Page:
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US20090069798A1 (en) * 2007-07-19 2009-03-12 David Muller Eye therapy system
US20090187184A1 (en) * 2008-01-23 2009-07-23 David Muller System and method for reshaping an eye feature
US20090187178A1 (en) * 2008-01-23 2009-07-23 David Muller System and method for positioning an eye therapy device
US20090187173A1 (en) * 2008-01-23 2009-07-23 David Muller System and method for reshaping an eye feature
US20090275936A1 (en) * 2008-05-01 2009-11-05 David Muller System and method for applying therapy to an eye using energy conduction
US20100076423A1 (en) * 2008-09-19 2010-03-25 Avedro, Inc. Eye therapy system
US20100094280A1 (en) * 2008-10-01 2010-04-15 Avedro, Inc. Eye therapy system
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US20110118716A1 (en) * 2009-10-30 2011-05-19 Avedro, Inc. System and Method for Stabilizing Corneal Tissue After Treatment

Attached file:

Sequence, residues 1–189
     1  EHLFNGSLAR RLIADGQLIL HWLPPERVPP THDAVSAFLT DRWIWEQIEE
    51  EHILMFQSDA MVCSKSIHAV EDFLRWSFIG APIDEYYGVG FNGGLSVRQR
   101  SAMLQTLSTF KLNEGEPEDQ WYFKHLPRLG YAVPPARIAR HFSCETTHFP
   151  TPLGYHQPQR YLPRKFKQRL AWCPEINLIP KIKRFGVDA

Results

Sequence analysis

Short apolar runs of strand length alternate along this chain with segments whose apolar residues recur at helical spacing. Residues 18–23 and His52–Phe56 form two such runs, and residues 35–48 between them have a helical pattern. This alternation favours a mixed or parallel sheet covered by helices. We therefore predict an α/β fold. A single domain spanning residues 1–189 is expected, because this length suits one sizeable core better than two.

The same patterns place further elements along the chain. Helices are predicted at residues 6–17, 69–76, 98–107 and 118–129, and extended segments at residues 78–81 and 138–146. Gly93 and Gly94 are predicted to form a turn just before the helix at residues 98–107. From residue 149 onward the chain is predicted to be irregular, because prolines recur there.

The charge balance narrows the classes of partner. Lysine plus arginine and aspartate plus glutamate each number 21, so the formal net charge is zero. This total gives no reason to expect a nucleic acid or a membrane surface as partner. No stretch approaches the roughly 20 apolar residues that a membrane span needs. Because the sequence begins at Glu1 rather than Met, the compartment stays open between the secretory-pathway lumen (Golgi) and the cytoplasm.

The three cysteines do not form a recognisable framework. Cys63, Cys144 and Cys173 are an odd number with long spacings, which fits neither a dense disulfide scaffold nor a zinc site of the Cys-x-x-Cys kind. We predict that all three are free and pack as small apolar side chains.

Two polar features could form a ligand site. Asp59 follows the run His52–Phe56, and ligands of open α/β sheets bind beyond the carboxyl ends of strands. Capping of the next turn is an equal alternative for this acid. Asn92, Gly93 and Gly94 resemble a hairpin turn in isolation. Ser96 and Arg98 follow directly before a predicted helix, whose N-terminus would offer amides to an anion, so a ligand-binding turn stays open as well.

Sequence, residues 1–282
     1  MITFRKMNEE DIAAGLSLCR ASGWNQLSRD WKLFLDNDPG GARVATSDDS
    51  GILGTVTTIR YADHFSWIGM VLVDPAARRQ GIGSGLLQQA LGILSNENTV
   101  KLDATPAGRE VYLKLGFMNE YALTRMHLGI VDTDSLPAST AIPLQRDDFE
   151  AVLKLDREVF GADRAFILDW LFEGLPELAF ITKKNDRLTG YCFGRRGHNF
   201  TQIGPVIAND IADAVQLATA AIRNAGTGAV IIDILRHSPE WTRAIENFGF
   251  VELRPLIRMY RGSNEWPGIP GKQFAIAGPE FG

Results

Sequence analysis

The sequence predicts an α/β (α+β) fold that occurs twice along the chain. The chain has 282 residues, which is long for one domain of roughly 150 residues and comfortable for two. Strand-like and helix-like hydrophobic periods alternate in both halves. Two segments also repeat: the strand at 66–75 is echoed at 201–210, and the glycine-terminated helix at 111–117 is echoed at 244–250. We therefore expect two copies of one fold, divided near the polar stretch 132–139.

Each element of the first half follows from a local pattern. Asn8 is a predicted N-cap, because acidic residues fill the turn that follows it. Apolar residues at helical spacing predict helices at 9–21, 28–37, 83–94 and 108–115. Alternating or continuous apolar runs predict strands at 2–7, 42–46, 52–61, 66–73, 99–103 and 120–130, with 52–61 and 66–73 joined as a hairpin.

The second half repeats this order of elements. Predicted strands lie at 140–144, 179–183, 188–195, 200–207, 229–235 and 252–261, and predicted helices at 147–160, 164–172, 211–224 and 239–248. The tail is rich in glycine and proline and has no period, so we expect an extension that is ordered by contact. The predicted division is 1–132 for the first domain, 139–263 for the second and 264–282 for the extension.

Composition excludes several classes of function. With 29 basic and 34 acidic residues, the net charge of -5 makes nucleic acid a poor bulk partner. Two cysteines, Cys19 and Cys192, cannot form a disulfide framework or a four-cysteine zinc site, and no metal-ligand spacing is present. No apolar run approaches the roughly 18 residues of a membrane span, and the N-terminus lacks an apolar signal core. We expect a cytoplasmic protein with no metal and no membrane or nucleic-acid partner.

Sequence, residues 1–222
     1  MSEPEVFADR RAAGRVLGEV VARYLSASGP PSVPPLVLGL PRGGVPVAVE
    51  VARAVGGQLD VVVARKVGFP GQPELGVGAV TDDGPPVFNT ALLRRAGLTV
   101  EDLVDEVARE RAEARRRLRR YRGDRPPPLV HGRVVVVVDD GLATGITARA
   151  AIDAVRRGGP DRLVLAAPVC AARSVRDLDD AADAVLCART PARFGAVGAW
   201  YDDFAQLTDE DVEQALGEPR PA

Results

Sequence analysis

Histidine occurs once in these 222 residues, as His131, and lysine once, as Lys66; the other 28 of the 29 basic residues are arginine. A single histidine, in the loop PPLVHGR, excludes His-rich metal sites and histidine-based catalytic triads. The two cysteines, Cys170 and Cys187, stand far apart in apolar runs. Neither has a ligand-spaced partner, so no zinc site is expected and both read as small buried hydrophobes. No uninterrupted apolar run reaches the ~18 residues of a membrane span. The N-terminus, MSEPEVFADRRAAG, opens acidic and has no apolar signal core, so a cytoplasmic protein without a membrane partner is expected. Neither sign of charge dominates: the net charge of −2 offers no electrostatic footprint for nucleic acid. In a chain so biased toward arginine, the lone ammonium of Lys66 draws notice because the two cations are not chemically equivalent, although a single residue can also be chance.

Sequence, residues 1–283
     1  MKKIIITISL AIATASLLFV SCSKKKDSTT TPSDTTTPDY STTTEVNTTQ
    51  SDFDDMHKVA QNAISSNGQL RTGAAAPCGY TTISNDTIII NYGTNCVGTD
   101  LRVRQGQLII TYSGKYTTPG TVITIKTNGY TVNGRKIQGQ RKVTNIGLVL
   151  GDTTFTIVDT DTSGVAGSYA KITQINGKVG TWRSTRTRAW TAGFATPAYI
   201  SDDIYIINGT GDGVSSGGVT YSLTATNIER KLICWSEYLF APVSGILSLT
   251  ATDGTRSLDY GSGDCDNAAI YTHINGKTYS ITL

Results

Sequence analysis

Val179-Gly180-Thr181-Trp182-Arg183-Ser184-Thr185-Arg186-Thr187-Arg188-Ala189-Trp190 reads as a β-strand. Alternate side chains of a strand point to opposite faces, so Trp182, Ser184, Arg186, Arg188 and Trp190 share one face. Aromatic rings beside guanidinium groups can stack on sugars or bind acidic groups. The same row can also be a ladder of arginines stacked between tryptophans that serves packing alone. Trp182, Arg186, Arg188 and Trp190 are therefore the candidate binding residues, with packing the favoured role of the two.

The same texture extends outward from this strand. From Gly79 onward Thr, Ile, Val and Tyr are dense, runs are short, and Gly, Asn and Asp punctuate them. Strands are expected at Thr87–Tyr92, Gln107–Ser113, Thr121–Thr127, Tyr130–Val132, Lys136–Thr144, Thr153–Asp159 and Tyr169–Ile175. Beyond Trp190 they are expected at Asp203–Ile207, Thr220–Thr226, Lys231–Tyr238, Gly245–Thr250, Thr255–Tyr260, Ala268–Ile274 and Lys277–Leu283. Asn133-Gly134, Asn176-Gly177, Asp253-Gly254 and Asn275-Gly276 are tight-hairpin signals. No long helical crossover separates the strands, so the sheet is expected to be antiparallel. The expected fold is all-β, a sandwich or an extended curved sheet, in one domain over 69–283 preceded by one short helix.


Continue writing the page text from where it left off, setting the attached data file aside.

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US8348935B2 (en) 2008-01-23 2013-01-08 Avedro, Inc. System and method for reshaping an eye feature
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US20060004352A1 (en) * 1996-10-22 2006-01-05 Matthias Vaska Apparatus and method for diagnosis and therapy of electrophysiological disease
US8721636B2 (en) 1996-10-22 2014-05-13 St. Jude Medical, Atrial Fibrillation Division, Inc. Apparatus and method for diagnosis and therapy of electrophysiological disease
US20080045946A1 (en) * 1997-10-15 2008-02-21 Matthias Vaska Devices and methods for ablating cardiac tissue
US8709007B2 (en) 1997-10-15 2014-04-29 St. Jude Medical, Atrial Fibrillation Division, Inc. Devices and methods for ablating cardiac tissue
US6547393B2 (en) 1999-03-10 2003-04-15 Luis Antonio Ruiz Interactive corrective eye surgery system with topography and laser system interface